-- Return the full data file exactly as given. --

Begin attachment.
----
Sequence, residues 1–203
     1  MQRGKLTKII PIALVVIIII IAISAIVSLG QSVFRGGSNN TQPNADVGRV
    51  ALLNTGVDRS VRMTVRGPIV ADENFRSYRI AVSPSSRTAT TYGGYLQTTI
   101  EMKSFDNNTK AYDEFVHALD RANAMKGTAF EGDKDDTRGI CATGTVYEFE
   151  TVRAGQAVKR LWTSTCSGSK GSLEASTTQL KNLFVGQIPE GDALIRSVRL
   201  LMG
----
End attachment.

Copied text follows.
Sequence, residues 1–203
     1  MQRGKLTKII PIALVVIIII IAISAIVSLG QSVFRGGSNN TQPNADVGRV
    51  ALLNTGVDRS VRMTVRGPIV ADENFRSYRI AVSPSSRTAT TYGGYLQTTI
   101  EMKSFDNNTK AYDEFVHALD RANAMKGTAF EGDKDDTRGI CATGTVYEFE
   151  TVRAGQAVKR LWTSTCSGSK GSLEASTTQL KNLFVGQIPE GDALIRSVRL
   201  LMG